To distract myself from the huge pile of Australian novels I have to read very soon, I thought I’d pick up something that was thoroughly different. The Yacoubian Building caught my eye when al Aswany’s new novel, Chicago, came into work, and when I saw a cheap copy of it in a second hald bookshop, I picked it up. Now, I’ve finally got around to reading it.
There’s a building in downtown Cairo called the Yacoubian Building. Built in the early twentiety century in a showy style, there are now many, many people living in it. These range from the rich people who inhabit the apartments, to the poor people how live on their roof. And yet, none of them are so different. Each of their lives is fascinating – from the womanising old man, Zaki, to the son of the doorman, Taha, who wants to be a policeman, to Souana, the wife of a man who has high aspirations in Egyptian society. This novel is a window into a society that is oft ignored by the Western world.
This book has a pretty huge cast of characters, but you don’t feel bogged down by names and situations really quickly, as other novels can do (I’m looking at The Slap here…). Instead, each character has a discrete storyline that very rarely meets another. As such, it’s almost like a big collection of short stories about these people, but somehow, they gel together, and it really works out. I didn’t fell at any stage as though one character was getting preference over another, though I think Zaki is probably the main character – his tale book-ends the novel, so there’s a sense of his story definitely beginning and ending.
Al Aswany’s writing style remind me of Alexander McCall Smith, in that both strive for a kind of old-world charm in their prose. If it weren’t for the storyline about Islamic fundamentalists in Iraq, I could clearly see this book coming from the 20s or 30s. And that’s a good thing. I love the juxtaposition of al Aswany’s writing style and what he’s writing about. Because what he is writing about is very much contemporary society.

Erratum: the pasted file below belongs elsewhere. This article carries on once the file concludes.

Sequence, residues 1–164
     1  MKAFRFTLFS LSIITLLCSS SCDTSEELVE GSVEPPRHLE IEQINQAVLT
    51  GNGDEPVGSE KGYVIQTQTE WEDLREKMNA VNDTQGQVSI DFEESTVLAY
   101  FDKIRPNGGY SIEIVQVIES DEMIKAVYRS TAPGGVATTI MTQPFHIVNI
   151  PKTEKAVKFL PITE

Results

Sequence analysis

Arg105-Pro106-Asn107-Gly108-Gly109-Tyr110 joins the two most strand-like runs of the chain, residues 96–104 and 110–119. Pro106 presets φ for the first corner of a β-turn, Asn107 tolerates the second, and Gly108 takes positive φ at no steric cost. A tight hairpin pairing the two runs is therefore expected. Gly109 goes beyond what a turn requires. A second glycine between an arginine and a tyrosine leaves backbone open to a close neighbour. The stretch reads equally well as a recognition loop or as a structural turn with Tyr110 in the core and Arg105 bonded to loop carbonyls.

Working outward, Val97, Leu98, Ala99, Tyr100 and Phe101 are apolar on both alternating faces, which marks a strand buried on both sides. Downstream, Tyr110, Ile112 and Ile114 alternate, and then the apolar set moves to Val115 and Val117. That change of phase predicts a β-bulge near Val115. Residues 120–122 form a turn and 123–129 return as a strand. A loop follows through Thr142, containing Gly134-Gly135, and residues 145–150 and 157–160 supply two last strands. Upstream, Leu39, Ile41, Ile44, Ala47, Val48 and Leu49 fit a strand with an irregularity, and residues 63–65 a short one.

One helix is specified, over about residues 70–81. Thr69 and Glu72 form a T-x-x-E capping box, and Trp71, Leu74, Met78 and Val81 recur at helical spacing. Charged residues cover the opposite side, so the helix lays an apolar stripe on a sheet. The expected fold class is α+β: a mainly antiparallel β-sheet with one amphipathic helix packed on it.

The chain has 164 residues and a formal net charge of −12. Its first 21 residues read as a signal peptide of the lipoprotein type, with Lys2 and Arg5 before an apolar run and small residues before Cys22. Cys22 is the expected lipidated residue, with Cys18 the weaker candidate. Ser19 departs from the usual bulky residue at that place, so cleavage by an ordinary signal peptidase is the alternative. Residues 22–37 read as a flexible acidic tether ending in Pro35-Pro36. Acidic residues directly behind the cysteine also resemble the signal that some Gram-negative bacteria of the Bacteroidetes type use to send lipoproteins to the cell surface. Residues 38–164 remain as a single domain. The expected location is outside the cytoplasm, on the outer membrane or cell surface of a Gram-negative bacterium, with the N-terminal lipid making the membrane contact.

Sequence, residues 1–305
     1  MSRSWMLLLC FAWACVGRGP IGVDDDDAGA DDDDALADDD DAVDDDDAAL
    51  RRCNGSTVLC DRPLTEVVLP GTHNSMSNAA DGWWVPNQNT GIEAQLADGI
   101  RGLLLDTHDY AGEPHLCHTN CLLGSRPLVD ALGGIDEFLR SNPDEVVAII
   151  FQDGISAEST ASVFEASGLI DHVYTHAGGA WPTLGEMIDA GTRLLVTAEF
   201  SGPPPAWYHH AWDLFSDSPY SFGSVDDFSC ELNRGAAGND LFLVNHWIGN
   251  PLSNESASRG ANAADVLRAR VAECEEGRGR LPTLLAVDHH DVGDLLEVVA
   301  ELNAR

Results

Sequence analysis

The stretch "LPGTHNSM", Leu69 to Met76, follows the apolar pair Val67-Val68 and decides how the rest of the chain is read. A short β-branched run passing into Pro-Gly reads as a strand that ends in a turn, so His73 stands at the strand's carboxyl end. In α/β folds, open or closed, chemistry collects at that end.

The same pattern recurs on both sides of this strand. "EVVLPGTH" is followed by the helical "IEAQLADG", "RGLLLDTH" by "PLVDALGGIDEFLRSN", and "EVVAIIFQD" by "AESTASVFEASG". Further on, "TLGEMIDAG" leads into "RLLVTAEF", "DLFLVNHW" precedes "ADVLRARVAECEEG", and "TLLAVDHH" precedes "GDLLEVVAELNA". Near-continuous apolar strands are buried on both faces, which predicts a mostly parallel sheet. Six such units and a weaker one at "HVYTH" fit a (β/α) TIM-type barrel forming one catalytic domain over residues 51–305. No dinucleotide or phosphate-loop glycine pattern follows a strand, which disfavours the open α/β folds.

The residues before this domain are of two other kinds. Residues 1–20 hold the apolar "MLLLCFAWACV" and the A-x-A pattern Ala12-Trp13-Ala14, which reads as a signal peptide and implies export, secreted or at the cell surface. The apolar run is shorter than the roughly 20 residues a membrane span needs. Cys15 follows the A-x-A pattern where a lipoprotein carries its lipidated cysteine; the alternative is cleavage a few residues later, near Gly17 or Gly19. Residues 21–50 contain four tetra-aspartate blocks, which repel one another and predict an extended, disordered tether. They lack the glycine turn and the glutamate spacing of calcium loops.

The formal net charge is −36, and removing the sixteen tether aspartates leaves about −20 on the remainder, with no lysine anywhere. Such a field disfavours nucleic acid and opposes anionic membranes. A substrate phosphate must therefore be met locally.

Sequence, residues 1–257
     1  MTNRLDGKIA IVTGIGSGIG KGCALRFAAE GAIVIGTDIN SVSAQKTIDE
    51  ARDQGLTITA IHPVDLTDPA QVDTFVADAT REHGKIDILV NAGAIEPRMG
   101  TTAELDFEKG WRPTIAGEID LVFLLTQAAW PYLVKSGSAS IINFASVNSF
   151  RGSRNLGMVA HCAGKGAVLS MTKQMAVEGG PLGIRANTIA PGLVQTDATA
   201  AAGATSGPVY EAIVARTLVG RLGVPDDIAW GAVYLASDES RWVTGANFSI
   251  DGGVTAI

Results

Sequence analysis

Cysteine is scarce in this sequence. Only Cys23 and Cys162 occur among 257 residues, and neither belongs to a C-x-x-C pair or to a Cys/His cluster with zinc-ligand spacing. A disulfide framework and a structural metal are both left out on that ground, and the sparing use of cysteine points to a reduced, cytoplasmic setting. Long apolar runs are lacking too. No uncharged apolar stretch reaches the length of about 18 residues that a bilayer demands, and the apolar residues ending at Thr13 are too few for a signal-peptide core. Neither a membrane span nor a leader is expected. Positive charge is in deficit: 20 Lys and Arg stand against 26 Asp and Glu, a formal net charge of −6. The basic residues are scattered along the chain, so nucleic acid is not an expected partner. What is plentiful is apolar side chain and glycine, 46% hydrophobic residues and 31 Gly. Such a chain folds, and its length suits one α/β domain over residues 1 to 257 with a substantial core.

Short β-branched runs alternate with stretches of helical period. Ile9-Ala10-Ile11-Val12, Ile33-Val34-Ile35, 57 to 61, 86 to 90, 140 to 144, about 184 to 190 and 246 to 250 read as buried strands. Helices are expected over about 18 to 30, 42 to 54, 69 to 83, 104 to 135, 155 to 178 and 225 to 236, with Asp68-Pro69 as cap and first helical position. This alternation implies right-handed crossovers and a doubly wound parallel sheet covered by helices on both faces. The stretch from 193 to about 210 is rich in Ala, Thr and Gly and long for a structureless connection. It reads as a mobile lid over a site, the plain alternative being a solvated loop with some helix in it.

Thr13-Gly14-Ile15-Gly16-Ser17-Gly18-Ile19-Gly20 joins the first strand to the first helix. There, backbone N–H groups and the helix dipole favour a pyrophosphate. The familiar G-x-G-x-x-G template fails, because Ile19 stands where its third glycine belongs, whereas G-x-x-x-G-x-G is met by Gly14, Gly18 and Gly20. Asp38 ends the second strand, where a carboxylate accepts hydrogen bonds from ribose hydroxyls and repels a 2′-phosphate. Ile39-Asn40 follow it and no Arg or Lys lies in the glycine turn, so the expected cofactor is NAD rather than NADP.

This book is very much concerned with gender roles and sexuality in contemporary Egypt – perhaps ironic, considering Western views of Islam and sex. These people go at it all the time in all ways imaginable. What makes it more interesting is that the people who go at it often hide what they are doing from the public, in case of shame. This is particularly evident in the gay plot, where the editor of a newspaper is having affair with a married man – they clearly love each other, but they still can’t say it. Granted, the book’s treatment of homosexuality gives way to stereotypes pretty quickly, but I don’t think that was a conscious decision by al Asway. It’s just the way this society views the gays. More important than this, however, is the way women are portrayed in the novel.Each and every one of them is subjected to subjugation by their male partners, who seem to think this is ok. And yet, there is love here. People truly fall in love and are happy about where they are, despite what is going on around them. What makes this most ironic, perhaps, is when Taha is tortured by the police, a process that involves his ‘honour’ being violated. It is ironic that he should be so outraged and hurt by what they did to him, when there’s so much inherant misogynism in the socity in which he lives – misogynism that extends to forcing a woman to have an abortion because the father doesn’t want the child. This scene is pretty brutal, but necessary, I think.
I was surprised at how good this book actually is. Despite being a first novel and all that, al Aswany has a good grip on how to write his story and his characters. Clearly there’s something to be said for being a dentist in a large city, a source of inspiration he has admitted to many times over. Ignore what people say about this book being like a soap-opera – here, they mean it as a great compliment.